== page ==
New Delhi: As the country is reeling under the second wave of coronavirus infections, there is also a sudden spike in the cases of black fungus, also called mucormycosis. On Wednesday, according to an ANI report, the head of the neurology department of All India Institute of Medical Sciences (AIIMS) Delhi, Prof MV Padma Srivastava, said that the number of black fungus infections has crossed the 3-digit mark at the hospital and are increasing rapidly.Also Read - Covid-19: Centre Extends Insurance Scheme for Health Workers for Another 180 Days

What is black fungus?

Also known as ‘mucormycosis’, black fungus is a rare kind of fungal infection affecting 1 in 10,00,000 people, but with an overall mortality rate of 50 per cent. The disease is often characterised by hyphae growing in and around blood vessels and can be potentially life-threatening in diabetic or severely immunocompromised individuals. Also Read - Present Evidence Does Not Suggest That it is 'XE' Variant of Covid19, Say Reports

Dr Anita Mathew, Infectious Disease Specialist, Fortis Hospital, Mulund explains that mucormycosis is a serious but rare fungal infection caused by a group of mold called Mucormycetes. Also Read - Covid-19 Can Increase the Risk of Heart Disease in the Future? Yes it can- Know How

Why is black fungus so dangerous?

The doctor explains that black fungus can cause blindness, organ dysfunction, loss of body tissue, and even death if not treated on time. She says, “Active screening and early intervention are a must. It can affect areas from where it can be inhaled through the nose/ sinus/ lung. If it enters from a wound or skin, it can cause a local infection. But if it enters from the sinus, it can involve the eyes and brain. Poor control in Diabetes is the biggest cause for the rising number especially post-COVID. Also, patients with immune-compromised systems or those who have undergone transplants or people who are on immunosuppressants or on a ventilator for a long period of time are at higher risk.”

According to Dr Mathew, infection with mucormycosis should be suspected when there is:

  • Sinusitis — nasal blockage or congestion, nasal discharge (blackish/bloody)
  • Local pain on the cheekbone, one-sided facial pain, numbness or swelling
  • Blackish discolouration over the bridge of nose/palate
  • Loosening of teeth, jaw involvement
  • Blurred or double vision with pain
  • Thrombosis, necrotic skin lesion
  • Chest pain, pleural effusion, worsening of respiratory symptoms

How can black fungus be treated?

Dr Mathew explains that the treatment of Mucormycosis involves a combination of surgical debridement of involved tissues and antifungal therapy. She says, “Intravenous (IV) Amphotericin-B is part of antifungal therapy. The usual starting dose is 5 mg/kg daily of Liposomal Amphotericin-B or Amphotericin-B Lipid Complex, and many clinicians will increase the dose up as high as 10 mg/kg daily to control this infection. But this cannot be taken without the doctor’s prescription and is to be administered only in an hospital setting. The duration of this treatment is three weeks, followed by oral medicines for another three to six weeks.”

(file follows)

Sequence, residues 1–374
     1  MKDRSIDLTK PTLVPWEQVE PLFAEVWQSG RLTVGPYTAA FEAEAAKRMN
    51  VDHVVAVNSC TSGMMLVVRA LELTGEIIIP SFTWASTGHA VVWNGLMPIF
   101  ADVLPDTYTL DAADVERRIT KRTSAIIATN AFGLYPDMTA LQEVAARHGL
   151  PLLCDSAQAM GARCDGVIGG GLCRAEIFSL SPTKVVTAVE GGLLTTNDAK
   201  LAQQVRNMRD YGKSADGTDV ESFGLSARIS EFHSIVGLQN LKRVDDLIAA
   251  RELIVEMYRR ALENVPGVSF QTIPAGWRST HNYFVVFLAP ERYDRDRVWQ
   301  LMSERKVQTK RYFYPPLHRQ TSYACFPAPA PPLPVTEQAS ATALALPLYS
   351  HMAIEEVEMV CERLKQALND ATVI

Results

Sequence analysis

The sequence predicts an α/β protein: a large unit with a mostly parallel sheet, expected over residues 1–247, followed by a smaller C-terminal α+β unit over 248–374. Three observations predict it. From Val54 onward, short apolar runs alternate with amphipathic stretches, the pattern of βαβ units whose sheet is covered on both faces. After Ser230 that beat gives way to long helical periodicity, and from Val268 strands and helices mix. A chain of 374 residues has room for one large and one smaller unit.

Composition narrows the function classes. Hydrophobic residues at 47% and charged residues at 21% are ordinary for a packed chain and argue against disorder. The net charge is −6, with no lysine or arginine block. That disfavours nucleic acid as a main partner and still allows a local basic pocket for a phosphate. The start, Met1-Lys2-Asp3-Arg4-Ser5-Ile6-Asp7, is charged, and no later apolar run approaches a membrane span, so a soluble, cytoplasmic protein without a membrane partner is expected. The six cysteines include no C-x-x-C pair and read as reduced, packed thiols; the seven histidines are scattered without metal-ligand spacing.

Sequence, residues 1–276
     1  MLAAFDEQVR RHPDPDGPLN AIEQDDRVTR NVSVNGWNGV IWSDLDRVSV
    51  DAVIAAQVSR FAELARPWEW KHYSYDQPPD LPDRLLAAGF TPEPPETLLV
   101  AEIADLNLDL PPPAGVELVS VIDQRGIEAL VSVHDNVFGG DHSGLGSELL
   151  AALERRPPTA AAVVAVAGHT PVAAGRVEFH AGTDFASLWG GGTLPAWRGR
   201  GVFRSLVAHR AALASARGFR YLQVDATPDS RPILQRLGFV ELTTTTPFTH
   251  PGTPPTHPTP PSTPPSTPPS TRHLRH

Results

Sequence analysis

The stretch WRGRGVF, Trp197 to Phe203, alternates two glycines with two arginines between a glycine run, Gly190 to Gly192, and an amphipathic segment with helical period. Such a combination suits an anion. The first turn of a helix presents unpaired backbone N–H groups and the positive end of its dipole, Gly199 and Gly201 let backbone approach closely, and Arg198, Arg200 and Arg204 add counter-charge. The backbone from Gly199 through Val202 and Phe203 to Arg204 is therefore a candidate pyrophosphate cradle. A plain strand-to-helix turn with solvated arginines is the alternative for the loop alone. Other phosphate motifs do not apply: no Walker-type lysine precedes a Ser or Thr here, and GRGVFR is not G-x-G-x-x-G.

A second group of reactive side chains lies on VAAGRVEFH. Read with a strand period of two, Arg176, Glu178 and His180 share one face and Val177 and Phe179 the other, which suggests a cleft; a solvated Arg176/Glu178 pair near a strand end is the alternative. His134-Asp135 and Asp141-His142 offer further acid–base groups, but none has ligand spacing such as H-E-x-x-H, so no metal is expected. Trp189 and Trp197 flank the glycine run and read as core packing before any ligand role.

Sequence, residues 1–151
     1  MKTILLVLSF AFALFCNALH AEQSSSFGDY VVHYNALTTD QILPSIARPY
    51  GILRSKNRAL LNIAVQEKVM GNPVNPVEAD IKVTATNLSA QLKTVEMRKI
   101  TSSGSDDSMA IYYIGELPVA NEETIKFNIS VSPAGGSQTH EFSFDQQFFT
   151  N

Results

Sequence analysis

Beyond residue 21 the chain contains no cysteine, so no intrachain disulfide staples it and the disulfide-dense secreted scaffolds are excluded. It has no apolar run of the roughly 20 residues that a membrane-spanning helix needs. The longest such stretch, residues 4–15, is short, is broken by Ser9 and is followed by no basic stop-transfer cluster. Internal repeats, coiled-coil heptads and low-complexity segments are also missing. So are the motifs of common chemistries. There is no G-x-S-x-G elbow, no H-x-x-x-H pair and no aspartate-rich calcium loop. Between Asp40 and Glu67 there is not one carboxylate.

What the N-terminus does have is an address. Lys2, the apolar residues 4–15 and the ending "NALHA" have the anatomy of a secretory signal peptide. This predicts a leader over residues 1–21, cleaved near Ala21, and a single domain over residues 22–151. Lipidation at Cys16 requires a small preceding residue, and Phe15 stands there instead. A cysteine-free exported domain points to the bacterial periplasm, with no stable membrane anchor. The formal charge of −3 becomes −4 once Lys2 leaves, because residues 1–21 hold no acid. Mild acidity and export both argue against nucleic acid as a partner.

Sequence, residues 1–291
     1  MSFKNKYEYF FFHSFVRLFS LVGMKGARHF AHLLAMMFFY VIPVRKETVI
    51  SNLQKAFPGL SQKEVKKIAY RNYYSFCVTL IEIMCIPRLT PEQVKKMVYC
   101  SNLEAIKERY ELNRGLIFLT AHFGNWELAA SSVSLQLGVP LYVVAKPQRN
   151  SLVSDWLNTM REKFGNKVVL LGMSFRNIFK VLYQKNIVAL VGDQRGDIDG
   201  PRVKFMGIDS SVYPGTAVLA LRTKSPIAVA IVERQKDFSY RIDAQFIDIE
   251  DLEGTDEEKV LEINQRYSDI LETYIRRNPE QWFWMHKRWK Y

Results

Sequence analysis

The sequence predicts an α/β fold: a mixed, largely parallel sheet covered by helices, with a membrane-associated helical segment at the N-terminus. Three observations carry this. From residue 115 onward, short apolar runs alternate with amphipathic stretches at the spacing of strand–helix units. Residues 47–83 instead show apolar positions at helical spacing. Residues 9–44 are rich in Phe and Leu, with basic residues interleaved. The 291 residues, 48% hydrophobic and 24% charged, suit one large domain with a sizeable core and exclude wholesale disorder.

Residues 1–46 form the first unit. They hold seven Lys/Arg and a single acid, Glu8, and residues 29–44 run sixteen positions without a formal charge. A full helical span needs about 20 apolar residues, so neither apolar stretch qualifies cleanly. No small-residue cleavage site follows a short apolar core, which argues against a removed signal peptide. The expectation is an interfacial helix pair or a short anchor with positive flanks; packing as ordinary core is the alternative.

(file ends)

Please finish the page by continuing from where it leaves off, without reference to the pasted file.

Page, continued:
Meanwhile the doctor also says that the screening of the infection should be ramped up. She explains, “screening for the black Fungus is a crucial step for early intervention. Also, elimination of predisposing factors for infection, such as Hyperglycemia, Metabolic Acidosis, immunosuppressive drugs, and Neutropenia, is also critical. Due to the difficulties in establishing a definitive diagnosis, many patients will be empirically treated for Mucormycosis because they have risk factors for infection and positive cultures and/ or compatible clinical syndromes. But this again will depend on the patient’s case.”

“Right now, the nation is battling the pandemic on several fronts. The new worry about the black fungus is only perpetuating the problem. While the governing authorities and healthcare providers have braced themselves to confront the problem, it is the duty of the citizens as well to protect themselves and their loved ones,” she adds.

How can we protect ourselves from black fungus?

The doctor says:

  • The most effective way to prevent the black fungus is to wear a mask while venturing out, especially to gardens, dusty areas, where there is garbage bumping or food rotting.
  • Secondly, wear long clothes and have less exposure to skin.
  • Most importantly for diabetic and other immune-compromised people, controlling sugar levels and blood glucose is a must.
  • People who are prescribed steroids should be constantly monitored and the dosage should be reduced in consultation with your doctor.
  • Importantly, steroids must only be taken after consulting with your doctor – do not self medicate.